If you want to know why Swiss direct democracy is better than the California version, you couldn’t find any better evidence than the respective fall ballots.
In particular, a comparison of the two ballot shows the Swiss taking their roles as legislators seriously—and thus demonstrating how silly we Californians are in discharging our duties in deciding laws and constitutional amendments.
Switzerland has a vote on national ballot measures this Sunday, Sept. 27. The date is only for considering ballot measures—there are no candidate elections or other questions to vote on. Switzerland keeps ballot measures separate from elections. It holds four dates a year for ballot measure votes, and votes for candidates on a different schedule every two years.
This Sunday is being called “Super Sunday” in Sweden because the ballot has, wait for it, 5 measures on one ballot. Five! The Swiss fear that may be too much to consider on one ballot—because each measure needs to get full media and public scrutiny, so voters really understand what they’re voting on. (That’s another reason for the separate Swiss calendar for ballot measures).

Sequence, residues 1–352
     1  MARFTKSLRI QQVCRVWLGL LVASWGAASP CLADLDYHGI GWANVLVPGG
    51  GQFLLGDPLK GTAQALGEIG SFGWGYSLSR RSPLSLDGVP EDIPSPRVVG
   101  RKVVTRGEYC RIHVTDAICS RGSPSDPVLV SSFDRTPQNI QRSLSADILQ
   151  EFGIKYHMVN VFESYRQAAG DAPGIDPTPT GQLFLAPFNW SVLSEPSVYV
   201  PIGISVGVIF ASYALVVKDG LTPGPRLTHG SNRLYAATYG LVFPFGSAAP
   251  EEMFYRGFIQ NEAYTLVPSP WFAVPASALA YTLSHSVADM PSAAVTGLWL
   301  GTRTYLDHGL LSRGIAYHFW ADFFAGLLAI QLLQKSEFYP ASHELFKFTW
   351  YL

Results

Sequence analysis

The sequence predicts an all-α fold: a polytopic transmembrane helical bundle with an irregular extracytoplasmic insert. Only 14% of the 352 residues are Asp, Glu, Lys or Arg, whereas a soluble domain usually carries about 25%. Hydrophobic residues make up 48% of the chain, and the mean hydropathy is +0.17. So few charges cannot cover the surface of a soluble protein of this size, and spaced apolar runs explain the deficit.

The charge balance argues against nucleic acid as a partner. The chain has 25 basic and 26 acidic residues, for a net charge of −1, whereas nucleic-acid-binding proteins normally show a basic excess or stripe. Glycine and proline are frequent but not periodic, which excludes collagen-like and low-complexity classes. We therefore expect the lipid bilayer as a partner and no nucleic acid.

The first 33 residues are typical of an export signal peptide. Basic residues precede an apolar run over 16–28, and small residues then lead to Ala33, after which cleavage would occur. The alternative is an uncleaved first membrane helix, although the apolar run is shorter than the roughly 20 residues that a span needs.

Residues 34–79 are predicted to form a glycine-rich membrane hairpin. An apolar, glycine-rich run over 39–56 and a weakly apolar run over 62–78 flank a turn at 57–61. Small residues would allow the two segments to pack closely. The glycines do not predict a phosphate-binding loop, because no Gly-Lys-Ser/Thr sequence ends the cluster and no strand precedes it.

Meanwhile, in California’s November elections, our voters face 12 statewide ballot measures on a ballot that is full of other races—from the president to state assembly to various local votes. Those 12 measures have gotten relatively little scrutiny and attention. A few of them have not been covered at all. But still we will vote.
And there has been commentary about a declining number of ballot measures in California.
What can we take from this comparison? That California ought to be more Swiss. Stop voting on ballot measures at the same time as candidate elections. And spread out the measures, so we never face more than a few measures at the same time.
Of course, to make such changes, California would finally have to take direct democracy seriously.